Compared to the peak of gold mining in 2012, when investment reached over US$8 billion, last year’s investment totaled US$5.2 billion, a fall of almost US$3 billion. However, after a continuous fall in 2013 and 2014, with investment levels coming in at US$6.5 billion and US$4.9 billion respectively, miners may feel positively about the 2015 figures.

Miners all around the world have been reluctant to develop projects, and many have been put on hold indefinitely until operators see an increase in metal prices. Octavio Alvídrez, CEO of the world’s largest silver producer Fresnillo shared in a recent interview with Mexico Mining Review, “Since 2011, every year has been a challenge, with consistently lower metal prices. Mining in itself is a challenge, and the prices have only made the environment more hostile.”

However, the problem has been compounded by the fact that the Mexican government recently introduced a royalty tax on mining concessions. According to the tax, a standard 7.5% Derecho Especial on income has been applied to holders of any concession in Mexico. Other investments, accrued interest, and annual adjustment for inflation are not deductible. Moreover, a further Derecho Extraordinario, a rate of 0.5%, will be applied on top of this for precious metal concessions of gold, silver, and platinum.


Mexico was the world’s top silver producer in 2015, with an output of 5,400MT. Source: Kitco News

The money is to be used to create the Fund for the Regional Sustainable Development of Mining States and Municipalities, which will be distributed among the communities affected by mining activities to promote economic development. However, many have expressed doubts about the allocation of these funds, and as a response, a partnership has been formed between the public and private sector to decide on the most appropriate investment. Alvídrez comments, “We are participating in a group to decide which projects are valuable for the communities and that may better serve the communities directly affected by mining activities.”

Another concern about the Fund is that many mining operators are already working with the surrounding communities, and have established agreements with communities to provide resources and infrastructure that could now be revoked should the operators begin to feel the pinch of the double payment. Moreover, Laura Díaz, Partner at DBR Abogados believes that, “The negative aspect is the fact that the money received directly correlates with production, which is continuously decreasing. Even if the royalty is not rescinded, the companies are not making a profit, which means that there will be no funds to channel into the municipalities.”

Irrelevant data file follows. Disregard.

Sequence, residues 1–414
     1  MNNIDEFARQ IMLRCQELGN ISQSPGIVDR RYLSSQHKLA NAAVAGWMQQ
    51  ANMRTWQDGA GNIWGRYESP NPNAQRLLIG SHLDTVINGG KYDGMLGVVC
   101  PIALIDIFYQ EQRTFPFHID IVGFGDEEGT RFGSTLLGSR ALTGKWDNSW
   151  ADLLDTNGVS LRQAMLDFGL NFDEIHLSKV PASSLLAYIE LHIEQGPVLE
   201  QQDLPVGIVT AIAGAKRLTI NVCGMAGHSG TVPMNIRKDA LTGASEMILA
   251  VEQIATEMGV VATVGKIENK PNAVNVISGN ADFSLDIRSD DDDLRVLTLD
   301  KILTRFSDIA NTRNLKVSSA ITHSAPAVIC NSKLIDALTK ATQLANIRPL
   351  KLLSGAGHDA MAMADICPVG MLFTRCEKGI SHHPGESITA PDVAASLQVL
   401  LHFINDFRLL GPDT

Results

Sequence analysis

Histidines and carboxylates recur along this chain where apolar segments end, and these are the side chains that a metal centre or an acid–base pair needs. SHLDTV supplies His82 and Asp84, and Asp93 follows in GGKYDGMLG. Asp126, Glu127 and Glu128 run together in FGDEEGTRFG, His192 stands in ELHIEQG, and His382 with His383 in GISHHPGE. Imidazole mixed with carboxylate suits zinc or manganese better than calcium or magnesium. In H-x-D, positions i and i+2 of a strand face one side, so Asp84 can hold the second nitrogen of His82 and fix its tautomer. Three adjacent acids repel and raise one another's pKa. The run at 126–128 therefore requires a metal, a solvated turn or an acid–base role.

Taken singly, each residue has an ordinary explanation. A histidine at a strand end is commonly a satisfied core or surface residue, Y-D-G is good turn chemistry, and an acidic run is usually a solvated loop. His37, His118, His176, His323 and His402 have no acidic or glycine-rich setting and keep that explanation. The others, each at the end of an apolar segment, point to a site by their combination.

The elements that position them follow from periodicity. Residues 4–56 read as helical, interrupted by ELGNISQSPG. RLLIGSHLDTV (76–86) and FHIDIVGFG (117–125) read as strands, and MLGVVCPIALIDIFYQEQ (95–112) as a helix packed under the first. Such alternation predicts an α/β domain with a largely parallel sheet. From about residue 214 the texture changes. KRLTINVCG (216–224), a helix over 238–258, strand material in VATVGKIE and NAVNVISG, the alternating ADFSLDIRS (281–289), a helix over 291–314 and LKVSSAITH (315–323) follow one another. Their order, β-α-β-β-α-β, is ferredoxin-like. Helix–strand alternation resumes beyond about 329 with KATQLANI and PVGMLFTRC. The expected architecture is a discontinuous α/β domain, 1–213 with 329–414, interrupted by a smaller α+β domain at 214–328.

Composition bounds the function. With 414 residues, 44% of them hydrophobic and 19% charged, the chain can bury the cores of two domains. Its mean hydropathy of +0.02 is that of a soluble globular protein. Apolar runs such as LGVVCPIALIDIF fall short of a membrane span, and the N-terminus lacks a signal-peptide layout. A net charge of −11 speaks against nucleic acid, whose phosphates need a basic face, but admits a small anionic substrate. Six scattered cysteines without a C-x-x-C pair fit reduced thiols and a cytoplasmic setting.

Many Mexican mining operators have CSR programs in place to build infrastructure and provide education to surrounding communities. Source:

Some mining companies are even contesting the royalty, arguing that the Derecho Extraordinario is unconstitutional. As explained by Díaz, who represents an operator who has already filed an amparo against the tax, “In the case of the Derecho Extraordinario, we are arguing that this levy does not fall under fiscal responsibilities, but rather rights of way. Moreover, the extra 0.5% applies only to gold, silver, and platinum production, when Mexico is one of the top ten global producers of copper. The constitution contains a clause determining equality, meaning that the extra tax on only these three products is discriminatory and therefore unconstitutional.”

It remains to be seen whether the government will repeal the tax to maintain Mexico’s mining competitiveness, as the country’s sixth most profitable export. The Fraser Institute recently reported that Mexico had fallen to the 37th position globally in terms of competitiveness, from 33rd in 2014. This has been attributed to a variety of factors, the main ones being the drop in commodity prices and the regulatory changes.


Mining competitiveness according to the Fraser Institute in 2014 (left) and 2015 (right). Source: Fraser Institute

However, Fernando Alanis, Director of Peñoles is much more optimistic about the direction the industry is taking, and believes that several factors mean it will remain an attractive mining destination on a global scale. He explains, “Firstly, Mexico is recognized within the sector as a mining country and the potential for exploration here is enormous. Secondly, the country enjoys a stable economy and regulations that foster the development of the industry. Thirdly, Mexico benefits from its proximity to one of the most important markets in the world, the US, which continues to consume the vast majority of metals produced in Mexico. All the ingredients are there to reposition the mining industry as a strategic sector in the country, and I am sure that this will happen soon.”

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